THE CONJUCTIONS

Conjuctions are words that join words, phrases and clauses. There are two main kinds of conjuctions:

  1. Conjuctions that join similar parts of speech and clauses of equal value – and, both, but, for, therefore, either-or, neither-nor.

The girl and the boy went to school.

Both John and Diane played squash.

He was bruised but not badly hurt.

It was raining therefore the roads were hazardous.

Either John or Mary is coming.

Neither Jill nor Joanne wants to go.

 

  1. Conjuctions that join principal clauses to subordinate clauses.

Principal

Clause

Subordinate

=

=

=

First in importance

A group of words that has a finite verb

Of secondary or inferior importance

(1)   CONJUCTIONS OF TIME

After, before, now, since, untill, till, when, whenever, while.

After the man opened the gate, he called the dog.

The woman ate her lunch before she called the taxi.

Now that we have had some rain, the drought has broken.

Since I met her, we have become friends.

We will wait here untill the next bus arrives.

The boys were heading for the river when we saw them.

Whenever it is possible, we shall visit our grandmother.

While there is life, there is hope.

(2)   CONJUNCTIONS OF PLACE

where, wherein, wherever.

That is the house where my grandmother lived.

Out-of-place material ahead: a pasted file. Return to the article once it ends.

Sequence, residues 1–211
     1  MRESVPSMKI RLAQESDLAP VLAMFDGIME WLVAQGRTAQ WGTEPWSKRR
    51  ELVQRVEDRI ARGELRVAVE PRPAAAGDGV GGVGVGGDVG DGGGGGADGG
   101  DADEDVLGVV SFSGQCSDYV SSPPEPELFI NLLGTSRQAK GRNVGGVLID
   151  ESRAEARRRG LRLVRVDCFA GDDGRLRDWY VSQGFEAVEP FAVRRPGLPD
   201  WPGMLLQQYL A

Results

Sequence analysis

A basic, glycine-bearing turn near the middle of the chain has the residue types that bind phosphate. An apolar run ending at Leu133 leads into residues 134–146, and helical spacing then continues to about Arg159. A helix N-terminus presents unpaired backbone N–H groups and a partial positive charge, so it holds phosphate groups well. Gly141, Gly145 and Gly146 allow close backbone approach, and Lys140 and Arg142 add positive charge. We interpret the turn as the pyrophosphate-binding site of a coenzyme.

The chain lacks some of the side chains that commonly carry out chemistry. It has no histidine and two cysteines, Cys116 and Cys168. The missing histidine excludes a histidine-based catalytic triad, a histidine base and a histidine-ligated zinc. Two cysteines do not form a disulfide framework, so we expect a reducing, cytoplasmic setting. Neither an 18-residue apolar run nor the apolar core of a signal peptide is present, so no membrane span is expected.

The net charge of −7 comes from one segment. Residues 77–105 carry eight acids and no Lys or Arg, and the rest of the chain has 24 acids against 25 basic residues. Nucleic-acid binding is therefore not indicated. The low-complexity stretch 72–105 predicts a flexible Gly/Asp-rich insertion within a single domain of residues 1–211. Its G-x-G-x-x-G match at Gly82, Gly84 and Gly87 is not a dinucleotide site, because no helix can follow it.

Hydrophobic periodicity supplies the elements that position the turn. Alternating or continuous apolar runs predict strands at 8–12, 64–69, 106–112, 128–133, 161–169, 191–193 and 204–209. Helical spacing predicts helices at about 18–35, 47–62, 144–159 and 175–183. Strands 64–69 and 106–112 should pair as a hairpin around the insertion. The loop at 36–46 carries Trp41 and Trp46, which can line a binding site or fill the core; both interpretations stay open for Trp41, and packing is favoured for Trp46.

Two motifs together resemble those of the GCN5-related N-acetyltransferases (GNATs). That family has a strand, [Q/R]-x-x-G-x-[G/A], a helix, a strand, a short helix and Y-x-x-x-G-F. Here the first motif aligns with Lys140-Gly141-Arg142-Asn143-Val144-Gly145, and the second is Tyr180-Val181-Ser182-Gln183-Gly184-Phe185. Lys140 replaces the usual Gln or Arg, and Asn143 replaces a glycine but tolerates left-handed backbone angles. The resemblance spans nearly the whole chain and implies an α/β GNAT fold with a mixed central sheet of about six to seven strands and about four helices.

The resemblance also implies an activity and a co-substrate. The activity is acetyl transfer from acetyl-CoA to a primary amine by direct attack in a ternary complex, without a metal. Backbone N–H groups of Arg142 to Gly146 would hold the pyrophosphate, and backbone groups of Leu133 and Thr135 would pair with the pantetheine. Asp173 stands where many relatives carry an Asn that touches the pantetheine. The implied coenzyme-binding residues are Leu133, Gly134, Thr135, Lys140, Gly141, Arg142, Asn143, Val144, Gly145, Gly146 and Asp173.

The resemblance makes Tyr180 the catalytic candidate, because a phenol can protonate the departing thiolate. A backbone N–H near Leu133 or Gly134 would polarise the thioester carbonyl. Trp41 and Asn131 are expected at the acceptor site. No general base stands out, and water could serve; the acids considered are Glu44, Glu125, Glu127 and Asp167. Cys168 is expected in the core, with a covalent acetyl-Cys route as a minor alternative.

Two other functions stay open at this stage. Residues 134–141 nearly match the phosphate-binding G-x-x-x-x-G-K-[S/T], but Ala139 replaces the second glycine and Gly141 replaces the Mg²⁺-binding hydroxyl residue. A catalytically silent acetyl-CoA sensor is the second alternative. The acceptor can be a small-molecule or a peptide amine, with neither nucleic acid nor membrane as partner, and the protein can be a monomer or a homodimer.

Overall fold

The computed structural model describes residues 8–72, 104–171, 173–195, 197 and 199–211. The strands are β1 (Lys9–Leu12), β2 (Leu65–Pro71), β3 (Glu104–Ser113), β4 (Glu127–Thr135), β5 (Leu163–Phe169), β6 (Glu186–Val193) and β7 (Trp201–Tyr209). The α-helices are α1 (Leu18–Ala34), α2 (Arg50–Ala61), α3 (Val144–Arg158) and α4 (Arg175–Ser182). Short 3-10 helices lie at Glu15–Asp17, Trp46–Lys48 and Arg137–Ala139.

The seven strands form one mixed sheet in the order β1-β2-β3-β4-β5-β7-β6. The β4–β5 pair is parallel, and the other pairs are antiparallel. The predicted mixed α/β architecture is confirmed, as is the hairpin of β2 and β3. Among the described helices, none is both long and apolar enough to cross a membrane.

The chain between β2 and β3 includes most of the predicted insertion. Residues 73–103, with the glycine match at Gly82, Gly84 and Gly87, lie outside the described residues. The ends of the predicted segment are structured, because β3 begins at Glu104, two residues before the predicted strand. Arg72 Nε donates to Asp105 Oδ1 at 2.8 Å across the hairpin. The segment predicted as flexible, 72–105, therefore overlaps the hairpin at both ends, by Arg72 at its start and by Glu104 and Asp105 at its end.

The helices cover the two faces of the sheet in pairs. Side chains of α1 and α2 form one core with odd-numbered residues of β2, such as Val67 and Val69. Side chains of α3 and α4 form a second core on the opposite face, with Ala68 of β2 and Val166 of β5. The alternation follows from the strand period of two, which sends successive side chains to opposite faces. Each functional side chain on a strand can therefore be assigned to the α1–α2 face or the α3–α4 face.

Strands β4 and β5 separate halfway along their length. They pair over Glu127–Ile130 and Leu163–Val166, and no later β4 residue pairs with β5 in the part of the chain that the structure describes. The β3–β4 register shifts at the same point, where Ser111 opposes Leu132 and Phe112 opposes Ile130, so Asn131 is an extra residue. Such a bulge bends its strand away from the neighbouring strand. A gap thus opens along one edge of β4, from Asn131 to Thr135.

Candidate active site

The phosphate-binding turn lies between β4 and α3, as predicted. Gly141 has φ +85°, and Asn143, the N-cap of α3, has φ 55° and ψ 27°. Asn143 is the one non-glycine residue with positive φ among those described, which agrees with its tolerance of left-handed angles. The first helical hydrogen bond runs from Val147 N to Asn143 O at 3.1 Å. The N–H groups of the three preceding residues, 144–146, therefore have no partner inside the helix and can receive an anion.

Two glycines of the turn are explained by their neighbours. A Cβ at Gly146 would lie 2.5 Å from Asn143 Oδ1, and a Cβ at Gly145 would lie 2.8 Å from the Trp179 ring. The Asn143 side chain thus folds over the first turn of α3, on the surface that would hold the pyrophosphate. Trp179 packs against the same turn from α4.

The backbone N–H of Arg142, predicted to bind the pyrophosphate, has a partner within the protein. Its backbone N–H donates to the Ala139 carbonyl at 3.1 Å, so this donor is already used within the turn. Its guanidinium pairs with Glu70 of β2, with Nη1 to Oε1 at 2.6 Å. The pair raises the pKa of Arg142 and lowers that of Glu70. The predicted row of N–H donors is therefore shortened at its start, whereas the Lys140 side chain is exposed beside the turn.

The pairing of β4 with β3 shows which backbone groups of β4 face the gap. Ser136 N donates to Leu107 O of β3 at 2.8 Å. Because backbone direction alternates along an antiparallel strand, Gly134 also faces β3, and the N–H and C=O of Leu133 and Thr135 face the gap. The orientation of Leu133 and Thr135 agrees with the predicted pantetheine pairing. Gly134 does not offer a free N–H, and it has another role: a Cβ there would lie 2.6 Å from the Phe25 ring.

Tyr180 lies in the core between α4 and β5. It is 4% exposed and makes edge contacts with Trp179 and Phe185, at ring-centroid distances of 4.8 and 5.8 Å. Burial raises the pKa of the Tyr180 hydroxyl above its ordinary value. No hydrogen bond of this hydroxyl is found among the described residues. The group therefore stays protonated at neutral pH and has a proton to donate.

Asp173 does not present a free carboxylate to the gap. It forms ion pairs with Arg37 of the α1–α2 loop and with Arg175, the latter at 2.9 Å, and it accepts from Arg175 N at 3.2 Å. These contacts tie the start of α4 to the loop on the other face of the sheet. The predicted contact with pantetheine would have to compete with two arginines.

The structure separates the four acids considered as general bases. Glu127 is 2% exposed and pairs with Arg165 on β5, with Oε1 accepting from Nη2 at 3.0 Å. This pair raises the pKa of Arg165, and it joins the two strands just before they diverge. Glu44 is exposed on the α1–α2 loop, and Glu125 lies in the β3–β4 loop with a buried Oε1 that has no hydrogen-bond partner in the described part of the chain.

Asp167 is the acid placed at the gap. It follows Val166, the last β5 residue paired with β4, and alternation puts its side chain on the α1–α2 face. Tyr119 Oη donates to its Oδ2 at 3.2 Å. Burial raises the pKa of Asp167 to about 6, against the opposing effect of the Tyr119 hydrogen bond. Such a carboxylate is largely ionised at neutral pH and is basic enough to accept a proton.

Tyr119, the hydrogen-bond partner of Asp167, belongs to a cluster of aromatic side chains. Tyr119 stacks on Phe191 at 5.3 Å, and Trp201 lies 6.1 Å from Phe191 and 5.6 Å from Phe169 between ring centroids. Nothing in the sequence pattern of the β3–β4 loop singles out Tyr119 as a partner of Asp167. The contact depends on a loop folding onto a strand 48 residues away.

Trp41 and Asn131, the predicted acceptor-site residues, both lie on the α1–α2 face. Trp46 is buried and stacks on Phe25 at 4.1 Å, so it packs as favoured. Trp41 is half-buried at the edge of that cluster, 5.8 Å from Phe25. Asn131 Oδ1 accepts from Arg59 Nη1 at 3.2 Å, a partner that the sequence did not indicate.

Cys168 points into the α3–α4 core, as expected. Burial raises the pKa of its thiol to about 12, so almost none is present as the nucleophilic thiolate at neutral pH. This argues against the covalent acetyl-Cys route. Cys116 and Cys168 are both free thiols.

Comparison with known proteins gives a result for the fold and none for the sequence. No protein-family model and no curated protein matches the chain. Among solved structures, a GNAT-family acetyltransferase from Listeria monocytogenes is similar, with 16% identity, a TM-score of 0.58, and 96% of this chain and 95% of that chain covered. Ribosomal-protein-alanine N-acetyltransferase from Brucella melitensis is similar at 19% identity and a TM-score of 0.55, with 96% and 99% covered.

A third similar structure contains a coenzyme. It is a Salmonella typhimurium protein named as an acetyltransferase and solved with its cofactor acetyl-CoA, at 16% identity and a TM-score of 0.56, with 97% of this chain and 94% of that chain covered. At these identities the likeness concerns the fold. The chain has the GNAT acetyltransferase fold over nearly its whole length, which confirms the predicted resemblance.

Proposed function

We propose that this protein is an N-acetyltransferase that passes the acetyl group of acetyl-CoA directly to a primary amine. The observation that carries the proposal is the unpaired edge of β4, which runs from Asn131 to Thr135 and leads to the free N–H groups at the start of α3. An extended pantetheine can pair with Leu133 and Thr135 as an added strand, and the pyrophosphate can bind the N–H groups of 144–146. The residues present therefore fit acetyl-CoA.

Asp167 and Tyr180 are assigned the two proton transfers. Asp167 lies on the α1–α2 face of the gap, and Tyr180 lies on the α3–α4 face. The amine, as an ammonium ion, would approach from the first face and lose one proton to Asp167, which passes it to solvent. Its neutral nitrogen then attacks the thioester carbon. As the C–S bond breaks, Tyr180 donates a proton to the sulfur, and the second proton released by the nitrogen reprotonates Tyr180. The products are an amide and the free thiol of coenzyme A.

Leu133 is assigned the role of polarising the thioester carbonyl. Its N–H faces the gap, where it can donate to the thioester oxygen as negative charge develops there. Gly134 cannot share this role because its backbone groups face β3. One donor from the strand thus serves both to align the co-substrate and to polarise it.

The criminal must be found wherever he is.

(3)   CONJUNCTIONS OF CAUSE OR REASON

As, because, lest, since, whereas, why.

As she was in a hurry, I did not delay her.

We know the driver caused the accident because we saw it.

I wonder why they left the party early.

(4)   CONJUNCTIONS OF CONCESSION

Although, even if, however, though, whether, while.

Although I have telephoned twice, he has not returned the call.

Just as we were about to leave, however, visitors arrived.

Nobody knows whether it is true or not.

(5)   CONJUNCTIONS OF CONDITION

As, except, if, unless.

He could not work out the answer, clever as he was.

Except that she is slow, her writing is legible.

Let me know if you wish to go.

John will do no work unless he is forced.

(6)   CONJUNCTIONS OF MANNER OR DEGREE

As, as—as, as if, as that, as though, how, so as, than.

The new house is still vacant as far as we know.

She speaks as if she knows all about it.

The teacher showed Trevor how the sum should be done.

He is taller than I am.

(7)   CONJUNCTIONS OF PURPOSE

In order that, lest, so that, that.

I sent him a letter so that he would know about the delay.

(8)   CONJUNCTIONS OF CONSEQUENCE

As, for, so that, that.

As the pop-singer had laryngitis, he was unable to sing.

He called loudly so that the searchers would find him.

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